Switching job at 55-years-old and reducing your earnings from £50,000 to £35,000, but working right up until 66 instead of 62, will mean you earn £39,673 less up to retirement. But if a less-stressful job allows you to carry on working until state pension age, your pension pot will still continue to grow to £314,017 by the time you reach 66-years-old (see table below). You could still end up with £89,000 more in your pension and £56,000 more money overall than someone else who stayed in a higher-paid job but retired at 62 years old.

The extra pension growth is due to continuing pension contributions and investment growth until you reach 66 years old and, crucially, no pension withdrawals. 

In contrast, someone who retired at 62 would need to withdraw £21,000 per year from their pension pot, between the ages of 62 and 66, to give them enough income to enjoy a moderate retirement. This would leave them with a smaller pension pot of £224,763 by the time they hit 66 years old.

Even taking their lower earnings into account, the career changer could still end up with more wealth overall.

How changing career could boost your wealth

Net earnings between 55 to 66 years old

Net pension withdrawals between 55 to 66 years old

Total net income (including pension income)

Pension wealth at 66

Earnings plus pension wealth

Employee 1: switching to £35,000 job and retiring at 66






Employee 2: staying in £50,000 job but retiring at 62













  • £200,000 existing pension pot at 55 years old
  • Both employees pay 5% employee and 3% employer pension contributions until retirement
  • Investment growth of 3% (5% minus 2% inflation)
  • £21,000 per year withdrawn from pension of employee 2 between age 62 to 66
  • Net earnings include pay after tax, minus any pension contributions

Get back your career mojo

For many older career-changers, financial calculations are only part of the picture. They are also hoping to find a job they love and get a Monday morning spring in their step.

Lucy Kellaway, a former FT journalist who changed career to teaching at 58, comments that, “I have loved starting again; the feeling of getting constantly better at what I’m doing; the new friends I’ve made who are all half my age – and all the freshness that comes from that.”

Kellaway had toyed with teaching several years earlier but felt very old next to all the young recruits. Going back to journalism, it took many more years before she was brave enough to make the switch. She has no regrets about not changing sooner but comments that, “what I do wish is that someone had told me long ago that my working life would probably last at least 50 years, and I would need to have multiple careers”.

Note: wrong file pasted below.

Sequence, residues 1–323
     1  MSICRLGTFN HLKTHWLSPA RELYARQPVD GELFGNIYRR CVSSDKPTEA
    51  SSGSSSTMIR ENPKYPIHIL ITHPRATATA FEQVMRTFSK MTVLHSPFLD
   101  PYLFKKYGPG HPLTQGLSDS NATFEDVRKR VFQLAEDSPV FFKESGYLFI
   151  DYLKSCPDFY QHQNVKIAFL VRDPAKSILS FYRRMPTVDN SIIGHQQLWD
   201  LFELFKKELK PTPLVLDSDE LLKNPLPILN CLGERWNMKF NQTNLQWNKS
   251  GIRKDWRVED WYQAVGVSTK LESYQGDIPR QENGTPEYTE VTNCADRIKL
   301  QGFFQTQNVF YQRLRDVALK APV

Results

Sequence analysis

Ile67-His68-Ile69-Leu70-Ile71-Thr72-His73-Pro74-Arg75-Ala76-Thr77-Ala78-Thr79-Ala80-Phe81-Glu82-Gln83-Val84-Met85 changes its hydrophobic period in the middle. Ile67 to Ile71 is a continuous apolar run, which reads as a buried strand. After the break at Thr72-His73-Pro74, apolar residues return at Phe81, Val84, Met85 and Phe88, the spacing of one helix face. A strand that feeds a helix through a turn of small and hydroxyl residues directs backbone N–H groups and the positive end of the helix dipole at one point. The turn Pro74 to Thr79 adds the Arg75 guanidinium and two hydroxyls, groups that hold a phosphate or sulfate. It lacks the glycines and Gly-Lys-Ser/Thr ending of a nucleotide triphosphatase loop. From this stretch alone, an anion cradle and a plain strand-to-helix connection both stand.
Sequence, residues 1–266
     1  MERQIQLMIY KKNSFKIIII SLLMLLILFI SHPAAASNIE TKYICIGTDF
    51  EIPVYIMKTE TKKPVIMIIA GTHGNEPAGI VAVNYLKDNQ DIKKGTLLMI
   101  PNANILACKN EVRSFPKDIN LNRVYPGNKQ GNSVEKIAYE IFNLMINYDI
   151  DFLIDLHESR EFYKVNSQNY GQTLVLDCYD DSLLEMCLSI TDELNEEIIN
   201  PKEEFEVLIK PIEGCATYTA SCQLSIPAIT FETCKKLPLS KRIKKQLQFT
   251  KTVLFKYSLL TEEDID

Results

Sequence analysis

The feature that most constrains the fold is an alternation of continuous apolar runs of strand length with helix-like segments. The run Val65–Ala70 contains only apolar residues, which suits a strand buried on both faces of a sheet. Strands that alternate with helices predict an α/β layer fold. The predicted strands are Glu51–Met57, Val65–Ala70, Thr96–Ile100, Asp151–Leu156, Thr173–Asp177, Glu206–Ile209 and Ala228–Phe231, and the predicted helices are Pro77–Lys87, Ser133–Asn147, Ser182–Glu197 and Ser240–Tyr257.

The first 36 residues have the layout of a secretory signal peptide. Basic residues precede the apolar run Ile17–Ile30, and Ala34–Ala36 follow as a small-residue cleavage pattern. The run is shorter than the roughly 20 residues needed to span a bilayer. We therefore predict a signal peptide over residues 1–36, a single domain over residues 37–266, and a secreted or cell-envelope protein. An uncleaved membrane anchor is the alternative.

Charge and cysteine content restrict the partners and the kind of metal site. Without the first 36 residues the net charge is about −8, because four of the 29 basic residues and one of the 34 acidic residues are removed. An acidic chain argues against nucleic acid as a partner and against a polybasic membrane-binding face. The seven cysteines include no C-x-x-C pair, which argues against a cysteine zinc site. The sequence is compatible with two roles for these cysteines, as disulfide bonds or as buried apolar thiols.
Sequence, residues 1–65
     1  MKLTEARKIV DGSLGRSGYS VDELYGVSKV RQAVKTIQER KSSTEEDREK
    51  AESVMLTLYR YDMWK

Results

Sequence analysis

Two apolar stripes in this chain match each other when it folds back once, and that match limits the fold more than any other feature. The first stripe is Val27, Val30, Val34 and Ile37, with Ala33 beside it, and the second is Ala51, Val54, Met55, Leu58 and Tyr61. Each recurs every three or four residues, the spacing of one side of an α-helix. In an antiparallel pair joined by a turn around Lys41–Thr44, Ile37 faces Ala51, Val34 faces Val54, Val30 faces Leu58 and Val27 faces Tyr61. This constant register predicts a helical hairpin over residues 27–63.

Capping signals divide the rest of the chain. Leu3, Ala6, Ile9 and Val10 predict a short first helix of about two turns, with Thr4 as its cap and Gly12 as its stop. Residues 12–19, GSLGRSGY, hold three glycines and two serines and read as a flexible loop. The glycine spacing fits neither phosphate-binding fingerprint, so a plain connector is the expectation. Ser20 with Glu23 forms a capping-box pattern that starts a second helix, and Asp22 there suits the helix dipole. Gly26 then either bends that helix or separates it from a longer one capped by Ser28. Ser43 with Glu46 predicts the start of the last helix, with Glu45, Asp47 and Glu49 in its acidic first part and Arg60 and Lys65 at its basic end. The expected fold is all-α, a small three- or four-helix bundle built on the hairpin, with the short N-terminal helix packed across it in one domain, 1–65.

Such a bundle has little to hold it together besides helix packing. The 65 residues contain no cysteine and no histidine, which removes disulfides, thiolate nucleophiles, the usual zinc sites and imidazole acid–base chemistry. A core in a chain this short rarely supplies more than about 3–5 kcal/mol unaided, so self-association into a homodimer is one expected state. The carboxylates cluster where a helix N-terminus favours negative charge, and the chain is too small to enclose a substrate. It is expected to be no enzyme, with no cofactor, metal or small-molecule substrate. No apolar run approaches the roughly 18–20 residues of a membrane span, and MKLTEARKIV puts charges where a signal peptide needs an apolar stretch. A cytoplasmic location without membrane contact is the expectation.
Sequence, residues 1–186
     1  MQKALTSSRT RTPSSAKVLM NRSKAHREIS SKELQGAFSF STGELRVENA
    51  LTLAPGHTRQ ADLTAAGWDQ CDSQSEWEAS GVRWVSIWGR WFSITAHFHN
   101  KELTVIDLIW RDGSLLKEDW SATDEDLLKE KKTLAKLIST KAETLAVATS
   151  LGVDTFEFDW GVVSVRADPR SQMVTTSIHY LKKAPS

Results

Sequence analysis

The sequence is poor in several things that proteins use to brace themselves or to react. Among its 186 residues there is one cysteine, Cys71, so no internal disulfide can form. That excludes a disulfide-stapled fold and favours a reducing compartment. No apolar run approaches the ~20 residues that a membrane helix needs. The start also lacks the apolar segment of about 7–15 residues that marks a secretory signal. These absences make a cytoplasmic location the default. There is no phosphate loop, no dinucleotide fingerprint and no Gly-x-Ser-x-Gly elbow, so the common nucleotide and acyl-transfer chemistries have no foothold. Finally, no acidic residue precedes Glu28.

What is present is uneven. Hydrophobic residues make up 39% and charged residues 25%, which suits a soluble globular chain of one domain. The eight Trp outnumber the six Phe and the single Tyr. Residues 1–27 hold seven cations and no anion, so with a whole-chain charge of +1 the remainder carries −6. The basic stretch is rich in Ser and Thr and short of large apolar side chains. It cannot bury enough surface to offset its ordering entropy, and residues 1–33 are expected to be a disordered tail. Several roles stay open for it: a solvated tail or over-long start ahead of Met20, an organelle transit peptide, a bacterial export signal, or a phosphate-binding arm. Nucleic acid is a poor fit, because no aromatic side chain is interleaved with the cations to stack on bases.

Find a job that suits your priorities

Changing career or job could also help you find a job that suits your priorities: priorities that are often very different for older workers. The ability to work from home or fit our jobs around caring responsibilities often becomes more important as we reach middle age.

In fact, recent research from the ONS found that, among over 50s considering a return to the workplace, 70% said having more flexibility was top of the list when it came to tempting them back. And a study by the British Medical Association found that 37% of doctors said that negotiating new working arrangements was important for them to be able to work for longer.

For many older workers, finding a job they prefer with flexible working arrangements could help them ease the transition into retirement. It could also make a big difference to their retirement plans, allowing them to carry on working and building their pension wealth for longer.

Ultimately, finding the right job could make it easier for many of us to achieve a comfortable and prosperous retirement in the future.

These articles are provided for information purposes only.  Occasionally, an opinion about whether to buy or sell a specific investment may be provided by third parties.  The content is not intended to be a personal recommendation to buy or sell any financial instrument or product, or to adopt any investment strategy as it is not provided based on an assessment of your investing knowledge and experience, your financial situation or your investment objectives. The value of your investments, and the income derived from them, may go down as well as up. You may not get back all the money that you invest. The investments referred to in this article may not be suitable for all investors, and if in doubt, an investor should seek advice from a qualified investment adviser.

Full performance can be found on the company or index summary page on the interactive investor website. Simply click on the company's or index name highlighted in the article.

Get more news and expert articles direct to your inbox